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Ontario Premier Doug Ford announces that he will be reversing his government’s decision to open the Greenbelt to developers during a press conference in Niagara Falls, Ont., on Sept. 21.Tara Walton/The Canadian Press

Ontario’s Integrity Commissioner has concluded there are “insufficient grounds” to open a probe of whether the attendance of developers or lobbyists at both Premier Doug Ford’s daughter’s wedding and a party at his home before the nuptials last summer broke the rules that govern MPPs.

J. David Wake issued a short report on Thursday, declining to investigate a complaint that Opposition NDP Leader Marit Stiles made earlier this year after media reports said developers and lobbyists attended the wedding last September and had purchased $150 tickets to a “stag-and-doe” party held a month beforehand.

However, the report points out that one lobbyist acting for clients who saw land removed from the protected Greenbelt last fall had attended the stag-and-doe, with a ticket that came from the governing Progressive Conservative Party’s chief fundraiser.

The report was issued just hours before Mr. Ford, in a surprise climbdown, reversed his decision to open parts of the Greenbelt land for housing development. The issue of the government’s close ties to developers – who stood to gain a collective $8.3-billion from the opening of the lands in question – has dogged it for weeks, prompting two cabinet ministers to resign.

Opposition politicians have asked, citing recent land transactions, whether some developers knew in advance about the Greenbelt removals. The Ontario Provincial Police has referred the matter to the RCMP to decide whether to launch an investigation. Mr. Ford has denied anyone in his government tipped off landowners.

In his report, the Integrity Commissioner says the information provided by Ms. Stiles in her complaint did not meet the legal bar for opening a full investigation of whether the wedding or the pre-wedding party broke conflict-of-interest rules.

He also says he did not uncover sufficient evidence in his recently concluded investigation of Mr. Ford’s former housing minister, Steve Clark, to launch a probe into the two social events.

Mr. Clark resigned after Mr. Wake concluded he had broken ethics rules by failing to oversee the process of selecting the land pulled out of the Greenbelt, a process the province’s then-auditor-general called “biased” for favouring certain developers. Mr. Wake had put the wedding and stag-and-doe review on hold while he investigated Mr. Clark – ultimately recommending a legislative reprimand for him late last month.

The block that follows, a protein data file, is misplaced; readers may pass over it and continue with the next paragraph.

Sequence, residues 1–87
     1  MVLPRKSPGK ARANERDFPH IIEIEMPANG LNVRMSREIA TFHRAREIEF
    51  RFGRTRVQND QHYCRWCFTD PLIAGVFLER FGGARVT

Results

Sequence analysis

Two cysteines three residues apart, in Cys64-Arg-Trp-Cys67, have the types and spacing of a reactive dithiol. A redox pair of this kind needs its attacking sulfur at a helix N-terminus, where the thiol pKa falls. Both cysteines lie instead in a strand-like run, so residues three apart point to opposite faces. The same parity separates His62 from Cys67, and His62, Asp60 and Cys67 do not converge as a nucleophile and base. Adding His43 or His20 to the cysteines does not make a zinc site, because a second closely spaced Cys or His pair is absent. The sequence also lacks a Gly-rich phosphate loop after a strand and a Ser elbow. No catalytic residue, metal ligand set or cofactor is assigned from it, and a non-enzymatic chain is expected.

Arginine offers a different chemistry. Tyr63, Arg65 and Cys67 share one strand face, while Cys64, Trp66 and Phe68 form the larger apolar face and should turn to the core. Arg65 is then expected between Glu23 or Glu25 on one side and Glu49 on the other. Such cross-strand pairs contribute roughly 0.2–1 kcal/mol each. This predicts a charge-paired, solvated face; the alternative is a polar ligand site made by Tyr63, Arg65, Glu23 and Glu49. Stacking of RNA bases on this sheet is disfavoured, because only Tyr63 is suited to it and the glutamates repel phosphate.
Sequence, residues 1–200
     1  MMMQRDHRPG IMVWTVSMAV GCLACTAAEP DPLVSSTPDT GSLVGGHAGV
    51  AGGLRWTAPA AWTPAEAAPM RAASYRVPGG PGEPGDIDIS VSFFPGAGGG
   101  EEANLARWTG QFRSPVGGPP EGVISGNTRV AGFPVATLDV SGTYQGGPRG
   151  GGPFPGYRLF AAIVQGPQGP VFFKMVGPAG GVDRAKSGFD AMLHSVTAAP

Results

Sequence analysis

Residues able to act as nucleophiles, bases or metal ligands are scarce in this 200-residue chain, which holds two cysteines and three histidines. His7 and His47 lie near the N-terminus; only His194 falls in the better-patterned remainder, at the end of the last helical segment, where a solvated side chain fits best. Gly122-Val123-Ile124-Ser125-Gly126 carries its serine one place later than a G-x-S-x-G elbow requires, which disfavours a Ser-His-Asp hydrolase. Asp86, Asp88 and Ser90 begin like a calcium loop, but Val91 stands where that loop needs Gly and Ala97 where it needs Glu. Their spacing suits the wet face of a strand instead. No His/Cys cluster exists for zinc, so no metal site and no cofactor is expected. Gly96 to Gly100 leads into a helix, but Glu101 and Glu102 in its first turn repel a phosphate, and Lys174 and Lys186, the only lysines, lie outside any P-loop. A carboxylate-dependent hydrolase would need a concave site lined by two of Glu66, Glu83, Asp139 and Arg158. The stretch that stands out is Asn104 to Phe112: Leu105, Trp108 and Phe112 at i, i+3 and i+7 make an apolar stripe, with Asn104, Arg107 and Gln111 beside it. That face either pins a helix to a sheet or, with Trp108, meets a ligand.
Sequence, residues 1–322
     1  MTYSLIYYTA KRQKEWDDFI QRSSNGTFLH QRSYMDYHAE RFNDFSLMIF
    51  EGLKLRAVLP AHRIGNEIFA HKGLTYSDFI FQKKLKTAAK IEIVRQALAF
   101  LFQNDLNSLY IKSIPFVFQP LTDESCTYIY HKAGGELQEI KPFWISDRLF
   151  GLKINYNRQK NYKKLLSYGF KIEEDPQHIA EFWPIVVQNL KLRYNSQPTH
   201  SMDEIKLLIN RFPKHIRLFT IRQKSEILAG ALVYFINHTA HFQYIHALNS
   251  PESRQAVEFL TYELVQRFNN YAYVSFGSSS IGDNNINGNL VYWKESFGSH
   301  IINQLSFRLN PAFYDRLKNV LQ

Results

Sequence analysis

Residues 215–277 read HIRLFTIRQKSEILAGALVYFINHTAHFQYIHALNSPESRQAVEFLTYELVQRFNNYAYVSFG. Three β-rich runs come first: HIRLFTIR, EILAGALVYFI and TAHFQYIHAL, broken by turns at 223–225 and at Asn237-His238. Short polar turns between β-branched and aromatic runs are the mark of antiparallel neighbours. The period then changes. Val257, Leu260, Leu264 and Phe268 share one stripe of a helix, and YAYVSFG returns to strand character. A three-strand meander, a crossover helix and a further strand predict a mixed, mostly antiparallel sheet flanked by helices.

On Thursday, Opposition politicians called Mr. Wake’s revelation that Tony Miele, the chair of the PC Ontario Fund, sold tickets for the pre-wedding party a red flag.

“It is absolutely astonishing that the head of fundraising for the PC Party of Ontario sold tickets directly to developers for a fundraiser to benefit members of the Ford family,” interim Liberal Leader John Fraser said in a statement. “That is just simply wrong in anybody’s books. It’s clear that Doug Ford has no shame.”

The report discloses that Mr. Miele told the Integrity Commissioner that the Premier’s now son-in-law had asked him to sell about 20 tickets to the stag-and-doe.

Mr. Wake, in his report, says he finds this “interesting.” But he says Mr. Miele told him he is a friend of the Ford family and that he agreed to sell the tickets “to help the couple and that his involvement was wholly unrelated to his duties on behalf of the Fund.”

Among those who bought those tickets, the report says, was developer and PC fundraiser Sergio Manchia, whose 10-acre parcel in Hamilton was among the 15 properties removed from the Greenbelt. Mr. Manchia bought four tickets, and gave them to a colleague, Matt Johnston, who attended the event and said only a “quick hello” to Mr. Ford.

Mr. Johnston was acting as a planner for the owners of 78 acres in Grimsby that were also among the properties removed from the Greenbelt a few months later. Last October, he had made formal requests for both plots of land to be taken out of the Greenbelt and discussed them with Mr. Clark’s then-chief of staff, Ryan Amato, the report says, who has also resigned in the wake of the scandal.

The report also dismisses the notion that prominent developer Shakir Rehmatullah, who attended both the stag-and-doe and the wedding and had land removed from the Greenbelt, was tipped off by Mr. Ford for attending these events, calling the idea “fanciful.”

However, the report still raises the possibility that Mr. Rehmatullah knew in advance of the Greenbelt policy change, which broke years of promises not to touch the area: “Although he maintained that no one in government alerted him to the fact that the government was considering changes to the Greenbelt boundary, I found his evidence questionable.”

Mr. Rehmatullah is the developer who was vacationing in Las Vegas in 2020 at the same time as two senior aides to Mr. Ford at the time and MPP Kaleed Rasheed. Mr. Rasheed resigned Wednesday from the PC caucus and cabinet after he acknowledged providing incorrect information about the trip to the Integrity Commissioner.

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